1. Do read the opening paragraphs of Nabokov's piece on "Bleak House" where he gives us his real opinion of Austen. In the Introductory piece he suggests that she knew only the parsons parlour with no real knowledge of the baronet's drawing-room. In fact her brother having been adopted by the Knights at an early age she had visited in grand houses with large families. What is more mystifying is that she knows so much about the chaos of a house such as the Prices at Portsmouth. But "Egg-shells in cottonwool"? Really?

  2. Was it on this blog that someone recommended Fay Weldon's book with a title along the lines of 'Letters to Alice on reading Jane Austen'? I read it and am now adding it to my re-reading pile.

    1. Anonymous2:46 AM

      Yes, I recommended Letters to Alice, here. Not for everyone - Jean, for one, didn't care for Fay Weldon's approach. I don't get on well with Weldon's fiction but did really like the Letters. At the time I found it there were many copies in the second-hand bookstores in downtown Toronto, so I concluded someone at the university must have had it on a course reading list.

  3. Mary Crawford is a . a not very nice person!

  4. I know I am in the minority here, but I found the ‘drawing room’ books, like Austen’, very shallow and a waste of time.

    1. What can I say? Could you share with us authors whose work you find deep and worthwhile?

  5. Anonymous1:30 AM

    So glad you have a vaccine appointment!
    My understanding is that yes -
    1) those who are vaccinated but still catch the virus, perhaps before the second shot, should have a much less serious case
    2) vaccinating those in long-term-care, over 80 (then 75, then 70 etc), otherwise vulnerable should have a strong effect on the death rate. Canada has had an extremely high death rate of over 70 years old - maybe 80% of our cases?
    I was listening to a talk from infectious disease specialists who felt the vaccinations would have a noticeable effect - but maybe in 4 to 6 weeks yet.
    Hope our Ontario politicians can listen to the scientists and get vaccinating!
    Lisa RR

  6. I have an appointment for my first vaccine tomorrow!! I was contacted by a hospital where I have a doctor.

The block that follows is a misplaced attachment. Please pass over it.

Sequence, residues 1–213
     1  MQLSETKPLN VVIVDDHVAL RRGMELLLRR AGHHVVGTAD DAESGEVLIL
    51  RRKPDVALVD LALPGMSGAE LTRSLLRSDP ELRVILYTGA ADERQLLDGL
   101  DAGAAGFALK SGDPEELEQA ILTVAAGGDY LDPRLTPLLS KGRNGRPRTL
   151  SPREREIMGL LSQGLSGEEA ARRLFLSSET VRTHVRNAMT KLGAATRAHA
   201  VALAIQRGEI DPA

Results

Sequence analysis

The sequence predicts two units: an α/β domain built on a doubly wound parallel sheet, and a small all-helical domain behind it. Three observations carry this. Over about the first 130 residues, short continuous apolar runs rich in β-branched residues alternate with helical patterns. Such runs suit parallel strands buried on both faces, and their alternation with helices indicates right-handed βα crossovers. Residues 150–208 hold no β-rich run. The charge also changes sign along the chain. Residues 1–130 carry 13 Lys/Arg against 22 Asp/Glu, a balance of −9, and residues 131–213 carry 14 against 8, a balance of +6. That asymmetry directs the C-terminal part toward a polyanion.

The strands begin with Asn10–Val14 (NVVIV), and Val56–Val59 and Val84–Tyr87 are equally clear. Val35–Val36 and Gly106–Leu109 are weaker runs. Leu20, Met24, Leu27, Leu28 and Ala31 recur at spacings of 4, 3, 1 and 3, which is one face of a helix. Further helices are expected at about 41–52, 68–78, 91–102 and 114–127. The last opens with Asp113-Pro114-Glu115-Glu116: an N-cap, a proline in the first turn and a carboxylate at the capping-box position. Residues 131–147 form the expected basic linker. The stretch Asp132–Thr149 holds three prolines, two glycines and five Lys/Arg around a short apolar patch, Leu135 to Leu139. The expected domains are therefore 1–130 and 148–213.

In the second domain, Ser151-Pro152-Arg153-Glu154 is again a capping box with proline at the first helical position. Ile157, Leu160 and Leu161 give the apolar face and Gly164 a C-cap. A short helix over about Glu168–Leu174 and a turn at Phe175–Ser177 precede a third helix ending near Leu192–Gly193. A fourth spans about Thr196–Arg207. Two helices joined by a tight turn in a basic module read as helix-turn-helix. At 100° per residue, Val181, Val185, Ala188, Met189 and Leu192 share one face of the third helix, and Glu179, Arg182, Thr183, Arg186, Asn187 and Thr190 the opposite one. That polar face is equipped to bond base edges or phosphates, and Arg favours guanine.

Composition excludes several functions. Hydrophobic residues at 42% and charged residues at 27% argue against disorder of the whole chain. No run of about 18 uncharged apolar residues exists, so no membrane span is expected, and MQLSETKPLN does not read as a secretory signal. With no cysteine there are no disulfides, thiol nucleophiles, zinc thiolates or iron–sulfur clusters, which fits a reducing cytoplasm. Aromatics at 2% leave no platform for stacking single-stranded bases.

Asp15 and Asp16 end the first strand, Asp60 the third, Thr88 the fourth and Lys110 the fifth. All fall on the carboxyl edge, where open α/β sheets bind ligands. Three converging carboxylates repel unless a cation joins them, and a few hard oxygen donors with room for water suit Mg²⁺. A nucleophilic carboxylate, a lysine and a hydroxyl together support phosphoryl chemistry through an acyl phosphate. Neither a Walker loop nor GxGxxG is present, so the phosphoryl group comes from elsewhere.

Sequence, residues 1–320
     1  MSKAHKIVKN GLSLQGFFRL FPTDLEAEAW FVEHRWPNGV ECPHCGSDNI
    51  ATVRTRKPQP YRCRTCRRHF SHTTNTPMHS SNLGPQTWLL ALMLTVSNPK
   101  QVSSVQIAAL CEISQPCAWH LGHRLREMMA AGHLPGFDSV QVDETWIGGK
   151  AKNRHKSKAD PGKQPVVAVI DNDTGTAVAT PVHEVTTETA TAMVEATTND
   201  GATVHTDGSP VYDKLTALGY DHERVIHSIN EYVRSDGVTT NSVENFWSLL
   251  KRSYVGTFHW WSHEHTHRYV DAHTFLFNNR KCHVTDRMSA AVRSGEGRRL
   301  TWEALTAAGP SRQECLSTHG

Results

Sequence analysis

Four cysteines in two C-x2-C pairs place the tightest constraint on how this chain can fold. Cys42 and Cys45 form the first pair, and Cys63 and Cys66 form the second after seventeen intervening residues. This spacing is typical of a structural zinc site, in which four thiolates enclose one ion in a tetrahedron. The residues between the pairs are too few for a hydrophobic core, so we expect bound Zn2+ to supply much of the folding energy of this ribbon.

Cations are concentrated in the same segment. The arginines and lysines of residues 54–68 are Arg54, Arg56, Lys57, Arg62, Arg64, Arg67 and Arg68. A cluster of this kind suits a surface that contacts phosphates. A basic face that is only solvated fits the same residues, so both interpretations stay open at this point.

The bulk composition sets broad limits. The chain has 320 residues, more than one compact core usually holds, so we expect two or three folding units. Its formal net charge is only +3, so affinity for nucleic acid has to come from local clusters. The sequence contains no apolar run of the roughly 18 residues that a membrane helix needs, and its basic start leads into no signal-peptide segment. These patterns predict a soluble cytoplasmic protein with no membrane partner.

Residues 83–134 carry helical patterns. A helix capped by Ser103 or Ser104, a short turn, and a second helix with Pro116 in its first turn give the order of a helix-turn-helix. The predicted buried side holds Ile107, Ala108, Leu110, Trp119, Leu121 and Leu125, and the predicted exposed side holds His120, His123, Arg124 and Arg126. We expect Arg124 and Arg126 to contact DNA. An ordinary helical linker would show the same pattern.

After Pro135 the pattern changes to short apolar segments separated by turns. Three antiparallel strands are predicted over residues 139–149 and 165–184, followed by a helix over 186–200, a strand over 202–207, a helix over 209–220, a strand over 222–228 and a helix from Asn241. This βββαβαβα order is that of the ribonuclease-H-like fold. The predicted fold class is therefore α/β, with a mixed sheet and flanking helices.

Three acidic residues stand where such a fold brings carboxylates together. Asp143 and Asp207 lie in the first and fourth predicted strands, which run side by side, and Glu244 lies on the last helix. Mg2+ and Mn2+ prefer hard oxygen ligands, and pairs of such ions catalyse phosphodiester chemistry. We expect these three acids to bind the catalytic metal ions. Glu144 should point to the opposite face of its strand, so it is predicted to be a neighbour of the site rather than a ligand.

7. Anonymous11:00 AM

    Despite the overall statistics regarding the vulnerablability of is older and/or health-compromised people, the capriciousness of this virus is stunning. A healthy 60-something friend recently had a nasty (though not hospitalized) case of it while her diabetic friend sailed right through her case. They presumably got the same strain, one from the other. How do scientists account for that? Our medical team is expecting doses soon. Can't come soon enough. Now I don't know which to read first, Mansfield Park or Persuasion. Have read all the others long ago. Chloe

  8. =Tamar4:26 PM

    I just reread Mansfield Park very closely. Chloe, I think you should read Persuasion first. it is shorter and will make an interesting comparison for treatment of Navy personnel. Austen had two brothers in the Navy.
    Shandy, Austen's father was clergy. She would have visited the poor and observed their homes, on Boxing Day at least.
    Jean, I agree; the motivation Austen gives Mary Crawford is that she wants the connection, however slight, to a titled family that she would gain if Henry married into the Bertram family. She and Henry were influenced by their uncle, an Admiral who hates his wife and is an epitome of vice. The hero's final decision against her is that Mary thought Maria's only mistake was getting caught, which proved she had tainted principles.
    One thing to look for is where Austen's Narrator betrays her sardonic view of even the heroine.